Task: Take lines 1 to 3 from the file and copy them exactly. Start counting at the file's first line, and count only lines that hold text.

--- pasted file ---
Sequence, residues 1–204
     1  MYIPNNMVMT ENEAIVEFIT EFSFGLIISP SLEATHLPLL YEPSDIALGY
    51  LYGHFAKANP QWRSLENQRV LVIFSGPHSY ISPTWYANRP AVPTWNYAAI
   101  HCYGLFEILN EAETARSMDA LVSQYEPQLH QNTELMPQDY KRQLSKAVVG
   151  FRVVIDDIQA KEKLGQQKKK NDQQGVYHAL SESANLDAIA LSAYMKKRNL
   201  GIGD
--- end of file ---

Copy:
Sequence, residues 1–204
     1  MYIPNNMVMT ENEAIVEFIT EFSFGLIISP SLEATHLPLL YEPSDIALGY
    51  LYGHFAKANP QWRSLENQRV LVIFSGPHSY ISPTWYANRP AVPTWNYAAI